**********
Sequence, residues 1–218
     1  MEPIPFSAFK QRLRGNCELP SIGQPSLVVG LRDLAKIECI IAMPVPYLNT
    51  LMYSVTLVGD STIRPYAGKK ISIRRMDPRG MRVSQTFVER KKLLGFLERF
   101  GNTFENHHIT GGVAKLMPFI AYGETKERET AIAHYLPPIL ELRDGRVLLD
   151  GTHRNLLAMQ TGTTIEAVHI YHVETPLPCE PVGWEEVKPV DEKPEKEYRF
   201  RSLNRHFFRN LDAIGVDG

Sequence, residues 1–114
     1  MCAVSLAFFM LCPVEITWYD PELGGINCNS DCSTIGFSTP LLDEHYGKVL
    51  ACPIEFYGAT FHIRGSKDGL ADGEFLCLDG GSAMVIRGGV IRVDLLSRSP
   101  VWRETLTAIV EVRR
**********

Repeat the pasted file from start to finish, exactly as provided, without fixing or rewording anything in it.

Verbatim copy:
Sequence, residues 1–218
     1  MEPIPFSAFK QRLRGNCELP SIGQPSLVVG LRDLAKIECI IAMPVPYLNT
    51  LMYSVTLVGD STIRPYAGKK ISIRRMDPRG MRVSQTFVER KKLLGFLERF
   101  GNTFENHHIT GGVAKLMPFI AYGETKERET AIAHYLPPIL ELRDGRVLLD
   151  GTHRNLLAMQ TGTTIEAVHI YHVETPLPCE PVGWEEVKPV DEKPEKEYRF
   201  RSLNRHFFRN LDAIGVDG

Sequence, residues 1–114
     1  MCAVSLAFFM LCPVEITWYD PELGGINCNS DCSTIGFSTP LLDEHYGKVL
    51  ACPIEFYGAT FHIRGSKDGL ADGEFLCLDG GSAMVIRGGV IRVDLLSRSP
   101  VWRETLTAIV EVRR